The Temple in Jerusalem was the heart and soul of the Jewish people. Inside was a room called the Holy of Holies. Once a year the High Priest could enter and offer sacrifice. A large curtain hung from the ceiling to the floor at the entrance. Inside was the Arc of the Covenant which the Hebrews carried with them from Egypt. It contained the rod of Moses, the tablets of the Ten Commandments and some manna from the desert: reminders of God’s presence among them.

On the day Jesus visited, He found merchants in the court outside the Temple selling doves, pigeons, and lambs to the worshipers who came to offer sacrifice. They could not use Roman coins at the Temple, so there were bankers, money changers, who would exchange shekels for the Roman money, for a fee. They polluted the Temple with earthly matters. Rather than a place of worship and encountering God, the Temple had become big business for the Priests. The merchants and Priests profaned what God made holy. This is why Christ became so passionate.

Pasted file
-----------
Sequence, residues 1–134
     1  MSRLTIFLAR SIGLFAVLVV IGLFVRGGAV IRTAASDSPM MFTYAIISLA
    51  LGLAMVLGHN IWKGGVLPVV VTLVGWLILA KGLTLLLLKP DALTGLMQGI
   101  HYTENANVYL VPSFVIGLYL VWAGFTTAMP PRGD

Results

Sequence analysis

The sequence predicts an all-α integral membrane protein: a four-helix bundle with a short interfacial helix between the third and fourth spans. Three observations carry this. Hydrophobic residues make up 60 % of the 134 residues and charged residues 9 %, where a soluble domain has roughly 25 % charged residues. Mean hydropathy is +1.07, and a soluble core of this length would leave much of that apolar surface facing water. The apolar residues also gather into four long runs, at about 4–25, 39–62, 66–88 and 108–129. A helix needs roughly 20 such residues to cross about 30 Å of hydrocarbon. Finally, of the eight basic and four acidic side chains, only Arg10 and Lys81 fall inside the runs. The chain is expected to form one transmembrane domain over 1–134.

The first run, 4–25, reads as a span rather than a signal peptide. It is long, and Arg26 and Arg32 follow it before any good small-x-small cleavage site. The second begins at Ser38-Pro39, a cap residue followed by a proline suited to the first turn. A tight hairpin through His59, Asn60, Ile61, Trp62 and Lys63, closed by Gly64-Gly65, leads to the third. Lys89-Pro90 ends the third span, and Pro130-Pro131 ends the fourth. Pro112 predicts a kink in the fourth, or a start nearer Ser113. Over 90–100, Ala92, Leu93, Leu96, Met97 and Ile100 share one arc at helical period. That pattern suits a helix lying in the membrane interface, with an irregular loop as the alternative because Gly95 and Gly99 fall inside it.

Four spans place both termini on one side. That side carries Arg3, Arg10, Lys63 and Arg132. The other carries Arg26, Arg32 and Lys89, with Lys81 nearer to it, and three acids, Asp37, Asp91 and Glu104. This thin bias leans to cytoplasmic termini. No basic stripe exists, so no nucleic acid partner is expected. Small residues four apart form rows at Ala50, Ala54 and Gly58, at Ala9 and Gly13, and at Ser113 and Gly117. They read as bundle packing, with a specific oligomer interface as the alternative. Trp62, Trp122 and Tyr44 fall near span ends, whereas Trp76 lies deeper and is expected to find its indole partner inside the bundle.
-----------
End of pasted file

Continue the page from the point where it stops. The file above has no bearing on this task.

Today, we too are temples of God. Christ lives within us. This is especially true when we receive the Eucharist. St Augustine says. “You have made us for Yourself, O Lord, and our hearts are restless until they rest in you.” Have we polluted our temples with worldly goods and desires? Is God truly number one in our lives, or do we just call upon Him for an hour on Sunday, or when we need something?

As we continue our Lenten journey, let’s take time to reflect on what is important in our lives and FAST from those things that separate us from Christ.